Mexico’s enduring popularity as a tourist destination has also seen a surge in the number of dental tourists arriving here. Taking advantage of affordable prices, quality care and amazing locations Mexico offers its visitors everything from tranquil mountains, historical archaeological sites, pretty old-world villages, modern cities and, of course, its stunning coastlines with breathtaking beaches and abundant marine life.
Historically, Mexico has a rich cultural heritage. Advanced ancient civilizations such as the Maya and the Aztec were here long before the first Europeans from Spain arrived in the 16th Century. Spain’s colonization lasted some 300 years before Mexico was granted independence in 1821. Following independence political and economic instability led to the Mexican Revolution in 1910, and the emergence of the existing political system in the 1917 Constitution.
Throughout the 20th century tourism has become one of Mexico’s largest industries. Mexico’s fusion of European and Meso-American cultures, its colonial cities, ancient ruins and beach resorts has enticed visitors to its unique attractions since Acapulco became a fashionable beach destination in the 1920s. The majority of visitors come from North America – a temperate climate, relatively short travel times and cheaper prices increasing Mexico’s attractiveness.
More recently, Mexico has been at the forefront of medical and dental tourism. Historically US nationals, particularly from the southern States, have traveled over the border into Mexico for discounted supplies, particularly pharmaceuticals. This has burgeoned into an industry and it is now commonplace for US and Canadian nationals to travel to Mexico for dental and medical care.
Bordered to the north by the United States of America and to the southeast by Belize and Guatemala it is surrounded by the Pacific Ocean, the Caribbean Sea and the Gulf of Mexico.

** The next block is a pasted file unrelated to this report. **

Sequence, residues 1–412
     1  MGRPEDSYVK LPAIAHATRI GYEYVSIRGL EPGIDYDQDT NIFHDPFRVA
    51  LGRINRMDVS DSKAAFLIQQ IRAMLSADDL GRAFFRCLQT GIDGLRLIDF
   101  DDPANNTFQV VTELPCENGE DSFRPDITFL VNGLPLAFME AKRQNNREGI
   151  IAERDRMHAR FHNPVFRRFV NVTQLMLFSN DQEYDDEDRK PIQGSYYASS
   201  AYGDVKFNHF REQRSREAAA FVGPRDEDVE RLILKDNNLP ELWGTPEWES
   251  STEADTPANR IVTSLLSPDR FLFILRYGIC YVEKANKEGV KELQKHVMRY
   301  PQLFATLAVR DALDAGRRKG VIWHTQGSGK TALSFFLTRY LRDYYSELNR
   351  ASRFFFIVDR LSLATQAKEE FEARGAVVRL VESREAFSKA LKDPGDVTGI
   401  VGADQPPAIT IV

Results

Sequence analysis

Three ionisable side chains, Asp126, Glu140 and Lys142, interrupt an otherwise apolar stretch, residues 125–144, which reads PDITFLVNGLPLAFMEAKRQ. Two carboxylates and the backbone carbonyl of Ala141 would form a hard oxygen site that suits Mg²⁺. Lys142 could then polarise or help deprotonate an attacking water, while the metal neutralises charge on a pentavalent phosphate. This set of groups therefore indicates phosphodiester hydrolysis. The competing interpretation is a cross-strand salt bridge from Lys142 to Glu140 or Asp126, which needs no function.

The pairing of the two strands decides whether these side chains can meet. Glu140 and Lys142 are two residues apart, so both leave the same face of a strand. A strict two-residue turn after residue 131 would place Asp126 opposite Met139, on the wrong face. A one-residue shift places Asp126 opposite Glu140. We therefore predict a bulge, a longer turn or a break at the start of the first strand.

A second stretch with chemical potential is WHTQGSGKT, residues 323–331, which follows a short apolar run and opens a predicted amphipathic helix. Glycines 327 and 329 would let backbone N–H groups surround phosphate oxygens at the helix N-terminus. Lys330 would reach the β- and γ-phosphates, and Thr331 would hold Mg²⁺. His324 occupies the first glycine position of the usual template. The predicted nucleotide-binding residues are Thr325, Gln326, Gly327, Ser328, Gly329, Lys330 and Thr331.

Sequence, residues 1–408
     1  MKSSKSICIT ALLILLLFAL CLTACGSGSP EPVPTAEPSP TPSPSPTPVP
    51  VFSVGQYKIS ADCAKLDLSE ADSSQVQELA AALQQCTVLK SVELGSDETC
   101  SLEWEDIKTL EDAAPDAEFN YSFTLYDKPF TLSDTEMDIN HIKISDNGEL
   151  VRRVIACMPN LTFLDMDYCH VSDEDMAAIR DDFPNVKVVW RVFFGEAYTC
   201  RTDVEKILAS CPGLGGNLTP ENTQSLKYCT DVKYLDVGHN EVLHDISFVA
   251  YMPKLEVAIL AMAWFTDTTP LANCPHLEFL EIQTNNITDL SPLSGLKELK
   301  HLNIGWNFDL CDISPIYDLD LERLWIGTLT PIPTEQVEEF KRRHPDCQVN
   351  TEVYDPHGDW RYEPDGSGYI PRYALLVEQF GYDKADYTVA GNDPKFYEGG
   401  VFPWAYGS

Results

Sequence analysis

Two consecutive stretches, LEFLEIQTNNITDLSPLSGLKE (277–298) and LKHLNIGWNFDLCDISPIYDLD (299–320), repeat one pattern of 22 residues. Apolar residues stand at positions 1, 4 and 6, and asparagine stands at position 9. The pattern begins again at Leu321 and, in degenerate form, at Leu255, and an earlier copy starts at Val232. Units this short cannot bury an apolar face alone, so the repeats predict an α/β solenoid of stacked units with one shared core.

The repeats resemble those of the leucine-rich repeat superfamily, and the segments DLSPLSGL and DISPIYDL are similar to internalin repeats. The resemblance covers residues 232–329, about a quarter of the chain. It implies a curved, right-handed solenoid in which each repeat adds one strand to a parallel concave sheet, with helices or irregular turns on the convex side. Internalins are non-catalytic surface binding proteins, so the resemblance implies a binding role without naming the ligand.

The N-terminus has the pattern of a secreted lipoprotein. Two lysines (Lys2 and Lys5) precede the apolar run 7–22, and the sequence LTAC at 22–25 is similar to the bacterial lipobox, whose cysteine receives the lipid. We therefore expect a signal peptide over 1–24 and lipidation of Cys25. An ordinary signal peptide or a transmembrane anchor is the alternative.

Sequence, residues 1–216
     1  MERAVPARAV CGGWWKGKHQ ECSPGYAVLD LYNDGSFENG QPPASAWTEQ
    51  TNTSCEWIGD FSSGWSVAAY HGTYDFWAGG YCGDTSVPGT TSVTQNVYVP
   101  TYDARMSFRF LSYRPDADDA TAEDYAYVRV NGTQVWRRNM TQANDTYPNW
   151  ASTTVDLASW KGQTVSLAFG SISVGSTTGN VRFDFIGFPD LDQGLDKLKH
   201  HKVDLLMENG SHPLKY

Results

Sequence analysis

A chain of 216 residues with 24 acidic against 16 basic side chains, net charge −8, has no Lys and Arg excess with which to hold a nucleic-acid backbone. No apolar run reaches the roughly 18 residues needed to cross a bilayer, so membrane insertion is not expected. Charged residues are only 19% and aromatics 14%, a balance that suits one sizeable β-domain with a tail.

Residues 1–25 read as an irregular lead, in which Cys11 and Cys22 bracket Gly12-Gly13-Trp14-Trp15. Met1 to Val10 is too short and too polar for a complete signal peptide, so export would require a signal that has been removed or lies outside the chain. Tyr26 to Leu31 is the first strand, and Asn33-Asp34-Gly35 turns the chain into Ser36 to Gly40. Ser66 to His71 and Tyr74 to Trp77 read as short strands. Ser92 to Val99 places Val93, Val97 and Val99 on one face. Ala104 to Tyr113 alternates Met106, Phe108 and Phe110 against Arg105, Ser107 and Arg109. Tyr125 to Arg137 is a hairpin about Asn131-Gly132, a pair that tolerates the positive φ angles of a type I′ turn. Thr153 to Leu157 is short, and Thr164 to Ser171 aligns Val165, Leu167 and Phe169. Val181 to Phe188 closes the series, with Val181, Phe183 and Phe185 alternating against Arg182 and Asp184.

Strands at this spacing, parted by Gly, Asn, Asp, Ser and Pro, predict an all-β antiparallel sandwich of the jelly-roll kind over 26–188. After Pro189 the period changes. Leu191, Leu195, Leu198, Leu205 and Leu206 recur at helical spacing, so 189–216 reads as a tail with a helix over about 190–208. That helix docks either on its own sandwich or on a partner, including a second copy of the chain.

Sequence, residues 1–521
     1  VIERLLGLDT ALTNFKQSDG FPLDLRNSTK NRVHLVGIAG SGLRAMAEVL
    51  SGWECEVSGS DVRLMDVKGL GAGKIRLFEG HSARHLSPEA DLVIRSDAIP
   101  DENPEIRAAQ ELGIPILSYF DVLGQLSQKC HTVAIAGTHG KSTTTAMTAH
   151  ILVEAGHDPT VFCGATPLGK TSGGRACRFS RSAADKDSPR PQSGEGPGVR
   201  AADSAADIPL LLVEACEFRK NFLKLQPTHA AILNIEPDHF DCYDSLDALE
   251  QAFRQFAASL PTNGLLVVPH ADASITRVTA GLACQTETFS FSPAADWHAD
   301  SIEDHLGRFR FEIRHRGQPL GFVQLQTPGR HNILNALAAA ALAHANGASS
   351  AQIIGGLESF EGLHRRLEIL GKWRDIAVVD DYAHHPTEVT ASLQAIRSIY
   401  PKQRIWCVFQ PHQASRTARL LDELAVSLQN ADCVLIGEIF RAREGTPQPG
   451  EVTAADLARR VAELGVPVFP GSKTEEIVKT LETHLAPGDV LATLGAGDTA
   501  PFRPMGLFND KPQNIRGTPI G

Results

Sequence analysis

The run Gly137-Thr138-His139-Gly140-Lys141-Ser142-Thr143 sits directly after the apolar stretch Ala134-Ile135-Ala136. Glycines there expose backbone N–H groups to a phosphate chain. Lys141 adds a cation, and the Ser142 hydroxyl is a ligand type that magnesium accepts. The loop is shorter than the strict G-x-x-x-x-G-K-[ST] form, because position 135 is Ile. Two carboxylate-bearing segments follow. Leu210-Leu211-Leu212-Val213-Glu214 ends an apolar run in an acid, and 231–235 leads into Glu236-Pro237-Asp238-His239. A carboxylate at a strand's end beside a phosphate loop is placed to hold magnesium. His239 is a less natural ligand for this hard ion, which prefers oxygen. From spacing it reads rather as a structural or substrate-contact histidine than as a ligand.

For dental patients, flights throughout North America to Mexico’s popular cities and resorts, as well as the multiple crossing points along the US-Mexican border has made it a convenient and accessible destination.
Although affordability remains one of the main reasons for visiting a dentist in Mexico, many patients are realizing the advantages of traveling to Mexico for their dental work extend beyond this. Whereas in the past patients requiring necessary dental treatment had to find cheaper alternatives to high-cost dental treatments they could not afford to pay, nowadays the reasons are more complex.
While traveling to Mexico for essential treatment is still a valid reason, so too is traveling for cosmetic dentistry, traveling for better quality materials and traveling to enjoy a vacation.
Mexico has embraced dental tourism which has seen competition among dental clinics treating overseas patients increase. This is good news for patients who are now finding modern, state-of-the-art clinics springing up as dentists have upped their game in order to attract patients. Although back-street dentists still exist, the majority of dental clinics whose clientele are largely overseas patients provide superior quality services on a par with anything offered over the border in North America.
Patients, while still wanting cheaper dental costs, are now concerned with receiving good-quality care from an established clinic with expertly trained dentists. This information is not always easy to come by, which is why Dental Departures verification procedures is a major step forward in this research process.
A bonus from all of this is receiving expert dental care in some of the must-see tourist destinations in the world, still for less money than the cost of the procedure alone would cost at home:
- Average cost of a single dental crown in the US $1150; At a dentist in Mexico $300
- Average cost for root canal, build-up and crown in the US $2,094; At a dentist in Mexico $500
- Average cost of dental implant and permanent crown in Mexico $3,700; At a dentist in Mexico $1,500
(Image by: Kyle Simourd)